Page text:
• joe@jhanderson.biz   
    (206) 351-5607   

  • This fancy-sounding French term is neither a dessert nor a kinky sexual maneuver. But it may be the key to thriving in midst of profound change in our city and beyond.

    In my work teaching mindfulness, emotional intelligence and other human skills to technology teams, I’m often asked for guidance on how individuals and organizations can stay awake without judgment in the present moment, especially when delivery challenges or office politics get in the way. To me the golden key is to make use of your environment for clues to awakeness.

    Getting out on the street is a great way to unplug from all that weighs on you and get a fresh perspective. Taking a 10- or 15-minute walk is incredibly helpful. It sounds so simple, but is built on a venerable practice called flânerie. And as valuable as it is as a practice of everyday mindfulness, I think flânerie also has great potential for working with the specific circumstances of life in Seattle in 2018.

    What is Flânerie?

    Flânerie was a term coined in 19th century Paris to describe the experience of casually walking through a city with no particular purpose.  On the surface, the term has suggestions of the good life, dandified loungers enjoying the wonders of a delicious city landscape: encounters with fascinating and perhaps slightly shady people, basement night clubs, maybe some stops for absinthe along the way. Baudelaire, Toulouse-Lautrec, the Moulin Rouge. etc. etc.

    But there’s a deeper and more portable meaning of flânerie, proposed first by Walter Benjamin in the 1920’s. His insight was that flânerie is a particular way of relating to a modern city that is simultaneously involved and detached. The flâneur walks through the streets with no particular aim: open, aware, participating but not consumed by that participation.

    Why is Flânerie Helpful (and Maybe Necessary in Early 21st Century Seattle)?

    Taking a break to do a little flânerie in the vicinity of your office will help you regain your motivation, clarity and capacity to do good work and have more fun doing it. Because, after all, walking is a good way to wake up. At its heart flânerie is a way of staying awake. It’s strolling and observing, not detached from our surroundings but taking note of them with openness and curiosity. A more currently popular (but also more ancient) word for this is mindfulness. It’s not too much of a stretch to say that flânerie is the art of mindful urban walking. As it happens, walking meditation is an ancient Buddhist practice. So if you do it in the right spirit, with just a bit of technique, you can walk around on the streets near your office and be practicing mindfulness.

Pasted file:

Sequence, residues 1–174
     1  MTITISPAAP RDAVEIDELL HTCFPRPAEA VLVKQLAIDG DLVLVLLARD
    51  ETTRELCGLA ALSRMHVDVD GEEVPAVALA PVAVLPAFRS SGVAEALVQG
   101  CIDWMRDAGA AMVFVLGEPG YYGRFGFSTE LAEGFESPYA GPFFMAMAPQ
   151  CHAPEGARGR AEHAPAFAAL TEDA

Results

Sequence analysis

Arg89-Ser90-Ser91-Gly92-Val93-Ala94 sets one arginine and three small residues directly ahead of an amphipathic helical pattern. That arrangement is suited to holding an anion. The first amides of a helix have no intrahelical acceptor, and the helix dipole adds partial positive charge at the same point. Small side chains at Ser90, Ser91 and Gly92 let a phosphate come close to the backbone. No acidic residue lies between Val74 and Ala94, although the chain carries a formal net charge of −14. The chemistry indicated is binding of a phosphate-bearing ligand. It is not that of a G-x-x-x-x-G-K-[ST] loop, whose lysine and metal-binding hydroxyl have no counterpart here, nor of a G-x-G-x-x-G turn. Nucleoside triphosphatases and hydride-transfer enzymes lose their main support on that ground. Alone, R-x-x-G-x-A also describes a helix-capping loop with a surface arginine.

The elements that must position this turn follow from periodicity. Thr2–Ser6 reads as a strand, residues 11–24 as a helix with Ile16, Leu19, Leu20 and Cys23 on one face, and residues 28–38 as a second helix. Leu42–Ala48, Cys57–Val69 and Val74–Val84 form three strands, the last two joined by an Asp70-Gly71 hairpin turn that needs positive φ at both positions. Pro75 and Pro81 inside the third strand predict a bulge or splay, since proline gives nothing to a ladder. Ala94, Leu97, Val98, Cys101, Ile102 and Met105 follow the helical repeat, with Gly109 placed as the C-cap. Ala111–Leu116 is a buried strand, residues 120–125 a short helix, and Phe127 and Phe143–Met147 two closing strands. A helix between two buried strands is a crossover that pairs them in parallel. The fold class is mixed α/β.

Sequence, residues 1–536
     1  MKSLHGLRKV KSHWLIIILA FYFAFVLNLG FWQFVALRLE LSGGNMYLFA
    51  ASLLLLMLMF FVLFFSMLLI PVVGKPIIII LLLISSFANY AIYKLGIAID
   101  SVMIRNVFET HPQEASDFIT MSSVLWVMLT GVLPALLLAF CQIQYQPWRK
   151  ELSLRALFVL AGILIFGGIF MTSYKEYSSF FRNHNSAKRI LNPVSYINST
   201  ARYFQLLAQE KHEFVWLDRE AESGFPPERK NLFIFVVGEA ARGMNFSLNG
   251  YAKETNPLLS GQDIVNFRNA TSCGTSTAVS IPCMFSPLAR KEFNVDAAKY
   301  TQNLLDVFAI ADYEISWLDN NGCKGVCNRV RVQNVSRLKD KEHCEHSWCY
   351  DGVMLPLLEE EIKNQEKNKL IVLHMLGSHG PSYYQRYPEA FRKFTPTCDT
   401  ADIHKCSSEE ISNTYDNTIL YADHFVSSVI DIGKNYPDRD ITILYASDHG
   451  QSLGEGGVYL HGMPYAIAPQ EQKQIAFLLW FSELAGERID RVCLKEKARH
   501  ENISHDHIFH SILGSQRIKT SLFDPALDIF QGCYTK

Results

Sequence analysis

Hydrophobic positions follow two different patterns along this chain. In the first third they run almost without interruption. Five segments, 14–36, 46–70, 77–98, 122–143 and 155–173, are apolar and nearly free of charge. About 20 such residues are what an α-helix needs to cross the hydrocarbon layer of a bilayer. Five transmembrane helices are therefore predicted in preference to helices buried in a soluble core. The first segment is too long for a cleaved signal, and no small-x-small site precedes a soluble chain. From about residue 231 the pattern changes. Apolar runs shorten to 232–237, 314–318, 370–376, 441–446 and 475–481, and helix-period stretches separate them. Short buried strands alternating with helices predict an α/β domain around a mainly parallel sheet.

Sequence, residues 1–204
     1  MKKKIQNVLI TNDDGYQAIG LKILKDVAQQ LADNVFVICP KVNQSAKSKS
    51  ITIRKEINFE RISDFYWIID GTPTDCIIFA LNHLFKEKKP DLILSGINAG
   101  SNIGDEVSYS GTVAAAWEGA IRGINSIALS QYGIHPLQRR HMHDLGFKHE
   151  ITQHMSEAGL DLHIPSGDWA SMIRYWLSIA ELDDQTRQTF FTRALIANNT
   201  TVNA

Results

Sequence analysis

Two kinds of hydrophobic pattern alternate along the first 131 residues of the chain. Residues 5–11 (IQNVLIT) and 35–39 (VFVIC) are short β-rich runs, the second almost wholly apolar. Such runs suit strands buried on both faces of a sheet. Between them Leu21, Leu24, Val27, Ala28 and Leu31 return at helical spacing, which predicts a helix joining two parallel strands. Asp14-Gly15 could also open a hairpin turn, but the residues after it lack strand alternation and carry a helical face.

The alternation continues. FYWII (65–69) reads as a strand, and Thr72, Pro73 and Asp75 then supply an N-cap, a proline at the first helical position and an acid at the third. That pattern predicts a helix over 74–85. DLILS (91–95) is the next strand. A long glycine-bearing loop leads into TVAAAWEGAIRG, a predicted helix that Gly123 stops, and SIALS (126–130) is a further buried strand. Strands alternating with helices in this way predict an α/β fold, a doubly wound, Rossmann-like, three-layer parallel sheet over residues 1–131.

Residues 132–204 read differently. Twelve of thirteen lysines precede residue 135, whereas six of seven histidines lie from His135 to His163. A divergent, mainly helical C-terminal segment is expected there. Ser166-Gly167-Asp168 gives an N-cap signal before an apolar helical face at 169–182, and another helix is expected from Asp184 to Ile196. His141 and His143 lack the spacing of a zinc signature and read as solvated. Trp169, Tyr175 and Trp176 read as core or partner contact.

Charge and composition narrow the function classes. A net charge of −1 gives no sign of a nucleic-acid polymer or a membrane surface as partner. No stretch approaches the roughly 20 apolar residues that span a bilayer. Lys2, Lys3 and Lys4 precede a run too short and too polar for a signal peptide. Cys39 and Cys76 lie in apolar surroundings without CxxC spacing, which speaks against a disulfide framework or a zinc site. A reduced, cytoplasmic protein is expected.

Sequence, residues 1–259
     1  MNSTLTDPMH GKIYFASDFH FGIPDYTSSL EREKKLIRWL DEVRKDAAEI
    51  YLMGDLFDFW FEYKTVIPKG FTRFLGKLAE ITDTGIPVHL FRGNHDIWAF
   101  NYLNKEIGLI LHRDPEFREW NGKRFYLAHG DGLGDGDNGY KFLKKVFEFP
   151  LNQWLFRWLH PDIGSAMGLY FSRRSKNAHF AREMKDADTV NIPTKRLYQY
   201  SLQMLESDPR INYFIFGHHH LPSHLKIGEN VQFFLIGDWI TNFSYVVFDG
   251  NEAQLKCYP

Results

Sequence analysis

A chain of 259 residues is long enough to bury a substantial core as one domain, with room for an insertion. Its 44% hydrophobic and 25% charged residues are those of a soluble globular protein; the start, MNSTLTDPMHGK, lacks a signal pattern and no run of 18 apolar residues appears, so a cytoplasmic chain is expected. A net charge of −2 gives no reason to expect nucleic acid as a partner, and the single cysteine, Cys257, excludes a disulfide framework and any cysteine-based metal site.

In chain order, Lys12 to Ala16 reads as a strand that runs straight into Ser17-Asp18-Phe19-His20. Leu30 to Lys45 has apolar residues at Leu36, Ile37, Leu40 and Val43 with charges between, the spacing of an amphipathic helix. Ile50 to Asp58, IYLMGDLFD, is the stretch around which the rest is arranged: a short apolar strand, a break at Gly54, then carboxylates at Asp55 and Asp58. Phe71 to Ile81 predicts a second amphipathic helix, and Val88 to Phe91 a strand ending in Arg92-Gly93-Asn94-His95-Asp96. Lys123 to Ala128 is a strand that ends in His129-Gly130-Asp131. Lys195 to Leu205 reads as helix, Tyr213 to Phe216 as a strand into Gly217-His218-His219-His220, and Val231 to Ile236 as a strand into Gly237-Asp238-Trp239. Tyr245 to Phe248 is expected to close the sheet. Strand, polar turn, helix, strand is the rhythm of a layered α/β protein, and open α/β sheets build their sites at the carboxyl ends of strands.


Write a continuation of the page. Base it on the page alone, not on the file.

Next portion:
Of course, wherever you are, the practice of taking a walk has many of the same benefits. But I’m writing this specifically about walking in Seattle, and specifically in those areas where you likely find your employment in one way or another. If you’re in this environment I believe that flânerie is more than just a workplace break. I think of it as an important, serious, and indeed necessary activity for us, here in Seattle in the early years of the 21st century.

    Our city is going through unbelievable change and growth–and we need to find a new way to engage with it. My personal story is that I was born in Seattle in the city’s Dark Ages (1959) and returned here in 1989 after some time shuttling back and forth to the Bay Area. So I have witnessed several layers of loss, including the village-like community of my youth, the grunge-era city I returned to in the 90’s, and then (after what felt like a pause for breath in the Bush II era) the successive layers of explosive growth that have been taking place since then. Today the change is blindingly fast and powerful and apparently unstoppable. We are becoming a city of canyons and glass and steel, not just downtown but seemingly everywhere. It is disconcerting for anyone who’s been here more than five years. The days of legendary curmudgeon Emmett Smith and his advocacy for “lesser Seattle” seem as remote as the Hapsburg empire. Seattleites are famously cranky, maybe due to our Scandinavian heritage, but it is just not very helpful to complain all the time. We need to find new ways of walking through our city, that will allow us to reclaim the joy of exploration and discovery and not a perpetual moan about “what used to be there.” Preservation and reclamation have there place, but regardless of the outcome of such fights I want to be able sink into the suchness of my environment as it is, without reservation. And for that I think the flânerie is the perfect mindset.